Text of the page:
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Foreign Relations of the United States, 1969–1976
Volume E–7, Documents on South Asia, 1969–1972, Document 182


182. Telegram 11295 from the Embassy in the United Kingdom to the Department of State, December 13, 1971, 0211Z11. Source: National Archives, RG 59, Central Files 1970–73, POL 27 INDIA–PAK. Secret; Flash; Exdis. Sent flash to the Department with a request to pass to the White House for the President and Secretary Rogers. Repeated flash to USUN.

DEC 71

FM AMEMBASSY LONDON

TO SECSTATE WASHDC FLASH 9571

INFO USMISSION USUN NEW YORK FLASH

PASS WHITE HOUSE FOR THE PRESIDENT AND THE SECRETARY

  • SUEBJECT:
  • INDO-PAK IN SECURITY COUNCIL
  • REF:
  • STATE 223700

1. I HAVE JUST HAD AN EXTENSIVE DISCUSSION WITH THE PRIME MINISTER AND THE FOREIGN SECRETARY WHO WERE ALREADY MEETING AT10 DOWNING STREET ON INDIA-PAKISTAN WHEN I RECEIVED INSTRUCTIONS IN REFTEL. SINCE SECURITY COUNCIL MEETING WAS IMMINENT, I JOINED PRIME MINISTER AND FON SEC WITHOUT WAITING FOR TEXT OF DRAFT RESOLUTION WHICH WE RECEIVED A SHORT TIME AGO (STATE 223705) AND HAVE NOW MADE AVAILABLE TO THEM.

2. I TOLD THE PRIME MINISTER THAT THE US WAS CALLING FOR AN IMMEDIATE MEETING OF THE SECURITY COUNCIL WITH THE AIM OF HALTING FURTHER FIGHTING IN EAST PAKISTAN AND TO PREVENT THE SPREAD OF FIGHTING IN THE WEST. I SAID THAT THE US INTENDED TO INTRODUCE A RESOLUTION TO THIS END AND EXPLAINED US VIEWS AS OUTLINED IN REFTEL. I ASKED THAT THE UKG SUPPORT THE US RESOLUTION.

3. THE PRIME MINISTER OBSERVED THAT HE AND THE FOREIGN SECRETARY HAD BEEN DISCUSSING THE SITUATION FOR SOME TIME. HE NOTED THAT THE UK WAS DEEPLY CONSCIOUS OF THE FACT THAT BOTH INDIA AND PAKISTAN WERE MEMBERS OF THE COMMONWEALTH. EVER SINCE THE SITUATION WORSENED, THE BRITISH GOVERNMENT HAD ENDEAVORED TO DO WHAT IT COULD TO GET BOTH COUNTRIES TO EXERCISE RESTRAINT. THE PRIME MINISTER BELIEVED THAT SUCH A COURSE HELD OUT MORE HOPE THAN TAKING POSITIONS WHICH ATTEMPTED FORMALLY TO FIX THE BLAME ON ONE COUNTRY OR THE OTHER FOR THE PRESENT SITUATION. FOR THIS REASON, THE UK HAD NOT THOUGHT IT RIGHT TO VOTE FOR THE RESOLUTIONS IN THE SECURITY COUNCIL, BUT RATHER TO ASSUME A POSITION WHICH HOPEFULLY WOULD ALLOW HMG TO RETAIN THE POSSIBILITY OE ACTING DIRECTLY VIS- A- VIS BOTH GOVERNMENTS BOTH NOW AND IN FUTURE.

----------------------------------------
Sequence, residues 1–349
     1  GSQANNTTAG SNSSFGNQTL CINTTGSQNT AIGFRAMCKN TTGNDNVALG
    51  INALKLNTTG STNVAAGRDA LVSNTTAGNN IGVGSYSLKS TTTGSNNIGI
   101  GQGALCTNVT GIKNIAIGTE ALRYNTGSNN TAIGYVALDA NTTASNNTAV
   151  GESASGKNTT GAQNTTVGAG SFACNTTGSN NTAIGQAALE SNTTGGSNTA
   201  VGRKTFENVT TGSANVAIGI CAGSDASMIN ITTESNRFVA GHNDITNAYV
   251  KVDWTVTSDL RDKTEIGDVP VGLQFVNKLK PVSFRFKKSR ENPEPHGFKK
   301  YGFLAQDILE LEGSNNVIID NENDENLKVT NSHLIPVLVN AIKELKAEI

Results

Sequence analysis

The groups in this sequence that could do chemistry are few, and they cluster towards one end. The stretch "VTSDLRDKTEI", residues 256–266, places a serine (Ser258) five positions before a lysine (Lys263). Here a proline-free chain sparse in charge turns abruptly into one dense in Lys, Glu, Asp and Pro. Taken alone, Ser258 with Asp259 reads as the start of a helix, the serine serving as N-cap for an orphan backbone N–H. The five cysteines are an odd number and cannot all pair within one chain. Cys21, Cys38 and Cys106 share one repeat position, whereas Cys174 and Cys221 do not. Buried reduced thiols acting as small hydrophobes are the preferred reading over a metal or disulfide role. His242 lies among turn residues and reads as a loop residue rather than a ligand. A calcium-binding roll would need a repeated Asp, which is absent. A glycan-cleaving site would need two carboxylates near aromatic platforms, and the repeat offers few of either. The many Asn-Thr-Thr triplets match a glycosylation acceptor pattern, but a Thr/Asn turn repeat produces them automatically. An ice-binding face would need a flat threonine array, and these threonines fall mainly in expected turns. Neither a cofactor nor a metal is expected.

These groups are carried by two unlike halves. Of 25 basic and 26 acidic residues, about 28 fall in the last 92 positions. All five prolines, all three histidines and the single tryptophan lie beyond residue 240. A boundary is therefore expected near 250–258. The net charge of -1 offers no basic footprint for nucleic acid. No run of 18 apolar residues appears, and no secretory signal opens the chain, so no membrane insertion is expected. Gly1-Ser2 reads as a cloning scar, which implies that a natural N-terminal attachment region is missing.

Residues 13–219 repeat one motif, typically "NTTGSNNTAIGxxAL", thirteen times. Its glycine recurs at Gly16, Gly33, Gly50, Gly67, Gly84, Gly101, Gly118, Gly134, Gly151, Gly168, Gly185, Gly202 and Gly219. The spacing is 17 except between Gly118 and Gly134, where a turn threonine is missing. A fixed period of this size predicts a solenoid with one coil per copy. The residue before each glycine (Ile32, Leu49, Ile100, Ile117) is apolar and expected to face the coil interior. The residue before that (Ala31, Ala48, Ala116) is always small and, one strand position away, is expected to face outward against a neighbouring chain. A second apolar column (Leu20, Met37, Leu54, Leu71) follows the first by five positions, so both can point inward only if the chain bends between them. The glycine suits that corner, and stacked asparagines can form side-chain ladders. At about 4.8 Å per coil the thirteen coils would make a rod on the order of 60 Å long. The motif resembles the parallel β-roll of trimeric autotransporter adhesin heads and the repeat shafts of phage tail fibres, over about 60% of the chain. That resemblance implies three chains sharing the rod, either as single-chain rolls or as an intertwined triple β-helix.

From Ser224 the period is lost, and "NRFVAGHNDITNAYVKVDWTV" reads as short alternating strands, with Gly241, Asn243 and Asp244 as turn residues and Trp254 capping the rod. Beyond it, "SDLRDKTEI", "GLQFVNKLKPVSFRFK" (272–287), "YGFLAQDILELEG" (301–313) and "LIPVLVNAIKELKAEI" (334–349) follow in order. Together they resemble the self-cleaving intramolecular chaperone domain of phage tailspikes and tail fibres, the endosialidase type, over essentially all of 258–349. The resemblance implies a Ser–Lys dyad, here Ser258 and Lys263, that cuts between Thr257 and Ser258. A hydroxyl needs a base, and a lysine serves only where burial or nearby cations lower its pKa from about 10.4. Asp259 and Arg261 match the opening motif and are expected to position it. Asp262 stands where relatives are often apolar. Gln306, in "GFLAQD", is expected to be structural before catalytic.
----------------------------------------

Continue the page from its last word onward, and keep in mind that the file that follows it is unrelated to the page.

4. BOTH HEATH AND DOUGLAS-HOME THOUGHT THAT AS A PRACTICAL MATTER THERE WAS LITTLE POSSIBILITY OF STOPPING THE INDIAN ARMY SHORT OF DACCA IN THE EAST. THE PRIME MINISTER SAID HE THOUGHT THAT THE IMMEDIATE PROBLEM WAS TO TRY TO BRING ABOUT A CEASE FIRE AND PREVENT THE MASSACRE OF THE REMAINDER OF THE PAKISTAN ARMY IN THE EAST, AS WELL AS MILLIONS OF BIHARIS.

5. AS THE DISCUSSION DEVELOPED, THE PRIME MINISTER AND THE FOREIGN SECRETARY MADE CLEAR THEIR VIEW THAT ANY RESOLUTION CALLING FOR WITHDRAWAL OF INDIAN TROOPS FROM EAST PAKISTAN WOULD BE UNREALISTIC AND, IN ANY EVENT, WOULD BE VETOED BY THE SOVIET UNION. COMMENT: AGREE THAT TO EXPECT WITH- DRAWAI IF INDIAN FORCES IN THE EAST AT THIS JUNCTURE SEEMS UNREALISTIC AND BELIEVE A SOVIET VETO WOULD BE INEVITABLE.

6. THE PRIME MINISTER AND THE FOREIGN SECRETARY INDICATED THAT THEY HAD HOPED FOR CONSULTATION WITH THE USG BEFORE FURTHER ACTION IN THE UN. THEY BELIEVED THAT THE US CALL FOR AN IMMEDIAIATE URGENT MEETING OF THE SECURITY COUNCIL WAS PREMATURE AND ASKED THAT I URGENTLY REQUEST THAT THE INTRODUCTION OF THE US RESOLUTION BE DELAYED TO ALLOW FOR CONSULTATION.

7. HEATH AND DOUGLAS-HOME THEN SAID THEY THOUGHT IT MIGHT BE POSSIBLE TO DEVISE A RESOLUTION WHICH MIGHT BE ACCEPTABLE IN THE SC. THEY OUTLINED TERMS ALONG THE FOLLOWING LINES A CEASEFIRE IN THE WEST: THE GOVERNMENTS OF INDIA AND PAKISTAN TO INSTRUCT THEIR MILTARY COMMANDERS IN THE EAST TO ENTER INTO CONTACT TO ARRANGE A CEASE FIRE: TAKE ALL POSSlLE STEPS TO AVERT FURTHER LOSS OE LIFE: THE GOVERNMENTS OF INDIA AND PAKISTAN TO ENTER NEGOTIATIONS TO REACH A POLITICAL SOLUTION FOR EAST PAKISTAN.

8. THE PRIME MINISTER GAVE INSTRUCTIONS TO SEND MESSAGES EMBODYING INSTRUCTIONS ALONG THE ABOVE LINES TO BRITISH REPRESENTATIVES IN WASHINGTON IN NEW YORK AND TO RELAY THE UK VIEWS TO THE PRESIDENT AND THE SECRETARY IN THE AZORES,

9. COMMENT: IT SEEMS CLEAR TO ME THAT IF THE US RESOLUTION IN ITS PRESENT FORM IS INTRODUCED AND VOTED ON IN THE SC, THE UK WILL ABSTAIN AS IT HAS PREVIOUSLY AND THE SOVIET UNION WILL VETO. IF, HOWEVER, THE USG IS PREPARED TO CONSIDER A RESOLUTION WHICH DOES NOT CALL FOR WITHDRAWAL OF INDIAN TROOPS, THERE IS THE POSSIBILITY OF WORKING OUT SOMETHING WHICH THE BRITISH WOULD SUPPORT AND WHICH THEY CONSIDER MIGHT HAVE A REASONABLE CHANCE OF ADOPTION IN SC.

10. THE BRITISH PRESENT ASSESSMENT IS THAT INDIA IS NOT SEEKING TERRITORIAL GAINS EITHER IN THE EAST OR WEST, ALTHOUGH BOTH THE PRIME MINISTER AND THE FOREIGN SECRETARY DID NOT SEEM TO ME TO BE FULLY PERSUADED THAT INDIA WOULD NOT TAKE ADVANTAGE OF THE SITUATION TO TRY TO FORCE SOME TERRITORIAL ADJUSTMENTS. SIR DENIS GREENHILL, WHO WAS ALSO PRESENT NOTED THAT BEFOR HOSTILITIES BEGAN AND INDIAN MINISTER HAD INDICATED TO HIM THAT IF WAR CAME, INDIA WOULD MAKE THE MOST OF THE SITUATION TO SETTLE THE PAKISTAN PROBLEM ONCE AND FOR ALL. ALL THREE REITERATED, HOWEVER, THAT THE BRITISH GOVERNMENT HAD IN RECENT DAYS SOUGHT AND RECEIVED ASSURANCES FROM THE INDIAN GOVERNMENT THAT IT DID NOT SEEK TERRITORIAL GAINS.

ANNENGERG

1 Source: National Archives, RG 59, Central Files 1970–73, POL 27 INDIA–PAK. Secret; Flash; Exdis. Sent flash to the Department with a request to pass to the White House for the President and Secretary Rogers. Repeated flash to USUN.